Every year around March, Keith Stocker starts thinking about what he’s going to do with his next corn maze. The Snohomish, Wash., farmer and president of Stocker Farms has created many works of art with his crop, including a rendition of the Boeing 787 Dreamliner and a nod to endangered animals at the Woodland Park Zoo. He was still looking for inspiration this year when he boarded an Alaska Airlines plane and picked up the in-flight magazine, Alaska Beyond.

“I started reading an article about Strong Against Cancer, (Seattle Seahawks quarterback) Russell Wilson and the research that’s being done at Seattle Children’s Hospital,” Stocker said. “I didn’t realize until I read that article how important this research is and what it’s doing for kids who are fighting for their lives, as well as their families. It spoke to me. I knew right then that this is what I needed to do for my next design.”

About four months later, the design was complete and Stocker was ready to plant the corn maze. The design included Strong Against Cancer’s signature logo of a child in a cape, as well as the Seattle Children’s iconic whale logo.

“The design has to be something that will look good on a 10-acre portrait,” Stocker said. “You have to have the right imagery and detail so that it’s clear what the picture is when you are looking at it from a helicopter, plane or hot air balloon.”

The maze was cut in mid-July, when the corn was about six inches tall; Mother Nature did the rest. Once the corn was mature and the maze was ready, the Stocker Farms team, along with Strong Against Cancer representatives, worked together to add interactive components and signage for guests so that they could learn more about pediatric cancer research and Strong Against Cancer.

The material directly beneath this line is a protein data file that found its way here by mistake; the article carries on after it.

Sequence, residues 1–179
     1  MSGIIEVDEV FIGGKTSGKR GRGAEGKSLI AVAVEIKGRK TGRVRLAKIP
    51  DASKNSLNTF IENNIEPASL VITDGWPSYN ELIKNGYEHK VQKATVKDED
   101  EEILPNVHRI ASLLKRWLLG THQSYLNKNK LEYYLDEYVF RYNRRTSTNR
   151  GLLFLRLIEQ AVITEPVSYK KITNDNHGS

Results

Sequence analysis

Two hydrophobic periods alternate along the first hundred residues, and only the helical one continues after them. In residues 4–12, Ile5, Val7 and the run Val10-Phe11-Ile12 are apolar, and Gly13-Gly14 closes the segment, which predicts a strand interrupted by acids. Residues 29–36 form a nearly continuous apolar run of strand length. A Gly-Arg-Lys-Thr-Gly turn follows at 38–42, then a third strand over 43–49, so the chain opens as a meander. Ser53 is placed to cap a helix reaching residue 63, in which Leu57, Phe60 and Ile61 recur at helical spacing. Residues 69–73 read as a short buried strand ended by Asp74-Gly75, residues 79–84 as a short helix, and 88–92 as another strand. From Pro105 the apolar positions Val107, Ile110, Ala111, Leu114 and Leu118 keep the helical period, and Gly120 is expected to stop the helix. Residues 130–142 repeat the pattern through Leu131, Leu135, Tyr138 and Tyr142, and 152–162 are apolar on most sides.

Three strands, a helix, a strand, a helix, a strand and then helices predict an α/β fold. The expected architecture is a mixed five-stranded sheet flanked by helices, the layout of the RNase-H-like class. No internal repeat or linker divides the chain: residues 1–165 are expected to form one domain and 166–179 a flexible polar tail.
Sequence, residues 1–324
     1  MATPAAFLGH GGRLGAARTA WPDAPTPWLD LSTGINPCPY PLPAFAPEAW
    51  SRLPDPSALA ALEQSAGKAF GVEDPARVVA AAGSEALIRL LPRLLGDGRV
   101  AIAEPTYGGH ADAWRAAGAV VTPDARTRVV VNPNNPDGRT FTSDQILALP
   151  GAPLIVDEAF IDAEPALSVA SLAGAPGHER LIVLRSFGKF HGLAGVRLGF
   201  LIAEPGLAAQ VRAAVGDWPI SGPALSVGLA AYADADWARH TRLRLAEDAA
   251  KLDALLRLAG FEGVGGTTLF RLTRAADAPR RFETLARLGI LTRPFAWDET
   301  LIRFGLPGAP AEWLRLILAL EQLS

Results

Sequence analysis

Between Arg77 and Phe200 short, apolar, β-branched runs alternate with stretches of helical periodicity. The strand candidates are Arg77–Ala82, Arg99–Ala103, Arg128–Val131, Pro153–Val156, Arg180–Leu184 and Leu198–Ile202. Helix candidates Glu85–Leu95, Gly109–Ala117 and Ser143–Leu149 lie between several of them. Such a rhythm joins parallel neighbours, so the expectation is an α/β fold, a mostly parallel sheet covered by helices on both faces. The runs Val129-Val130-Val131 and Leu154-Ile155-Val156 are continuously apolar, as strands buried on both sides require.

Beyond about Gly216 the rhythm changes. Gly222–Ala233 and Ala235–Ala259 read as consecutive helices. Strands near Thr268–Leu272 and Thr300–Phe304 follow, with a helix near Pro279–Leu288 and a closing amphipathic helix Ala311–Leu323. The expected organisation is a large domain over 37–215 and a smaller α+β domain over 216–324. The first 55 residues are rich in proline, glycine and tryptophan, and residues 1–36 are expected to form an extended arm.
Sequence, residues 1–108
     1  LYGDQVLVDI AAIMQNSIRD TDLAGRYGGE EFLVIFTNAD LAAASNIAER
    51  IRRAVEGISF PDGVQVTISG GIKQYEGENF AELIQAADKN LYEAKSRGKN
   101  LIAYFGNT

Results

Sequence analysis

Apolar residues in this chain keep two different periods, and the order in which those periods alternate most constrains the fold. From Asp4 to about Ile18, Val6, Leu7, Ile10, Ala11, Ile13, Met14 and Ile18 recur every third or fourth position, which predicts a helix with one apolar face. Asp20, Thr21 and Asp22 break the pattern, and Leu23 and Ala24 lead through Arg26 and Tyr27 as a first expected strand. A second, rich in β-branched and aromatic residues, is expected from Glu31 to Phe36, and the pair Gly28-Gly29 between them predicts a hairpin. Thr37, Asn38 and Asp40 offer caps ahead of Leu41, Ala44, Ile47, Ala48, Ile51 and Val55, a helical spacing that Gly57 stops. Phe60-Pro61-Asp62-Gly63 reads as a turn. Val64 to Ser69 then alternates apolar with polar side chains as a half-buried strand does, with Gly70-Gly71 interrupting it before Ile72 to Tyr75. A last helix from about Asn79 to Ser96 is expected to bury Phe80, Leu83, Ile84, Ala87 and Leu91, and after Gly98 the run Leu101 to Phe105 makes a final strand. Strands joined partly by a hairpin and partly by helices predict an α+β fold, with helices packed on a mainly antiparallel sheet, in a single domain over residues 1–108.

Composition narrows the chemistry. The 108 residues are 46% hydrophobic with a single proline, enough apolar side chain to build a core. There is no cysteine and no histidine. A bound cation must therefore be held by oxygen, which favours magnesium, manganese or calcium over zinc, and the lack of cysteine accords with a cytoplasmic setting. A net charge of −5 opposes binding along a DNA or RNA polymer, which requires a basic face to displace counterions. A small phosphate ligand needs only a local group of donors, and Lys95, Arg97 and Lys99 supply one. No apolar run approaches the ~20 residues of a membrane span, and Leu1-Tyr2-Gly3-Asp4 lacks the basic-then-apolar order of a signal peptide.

Raising Money for Immunotherapy

Open to the public now through Oct. 31, the maze is raising money to support immunotherapy research at Seattle Children’s, which scientists believe has the ability to cure some types of childhood cancer in the next five to 10 years. Families with children who are battling or have survived cancer can get vouchers for free or reduced price admission.

“The more people who go to Stocker Farms and enjoy the maze, the more money we raise for pediatric cancer research,” said Doug Picha, president, Seattle Children’s Hospital and Research Foundation. “We are on the threshold of a cure based on immunotherapy, but we lack the necessary funds to provide this treatment to all of the young cancer patients who need it. Initiatives like this will help us get there faster.”

Traditional cancer treatments such as radiation and chemotherapy are hard on a child’s growing body, and can lead to lifelong developmental and health concerns. Immunotherapy research has shown that a child’s own reprogrammed immune cells can fight and defeat cancer, but government funding for clinical trials is in short supply, and insurance doesn’t fund patient participation.

“Annually, pediatric cancers receive less than 3% of the National Cancer Institute budget, which is why it’s so important for all of us to support initiatives like Strong Against Cancer,” Picha said. “The scientists working on immunotherapy have the treatment and the results to get us to a place where childhood cancer is no worse than a common virus. All that’s needed now are the resources to bring it to every kid who needs it.”

A Noble Cause

Stocker said his involvement with Strong Against Cancer, along with meeting families touched by pediatric cancer, has impacted him more than he could have imagined.

“I wasn’t prepared for the emotional challenge this was going to present to me,” he said. “I’ve met the families and I’m just so inspired by them. The strength they share is just amazing.”

“I can’t be more thrilled and proud to be involved with Strong Against Cancer,” Stocker added. “I’m so glad we are doing this.”

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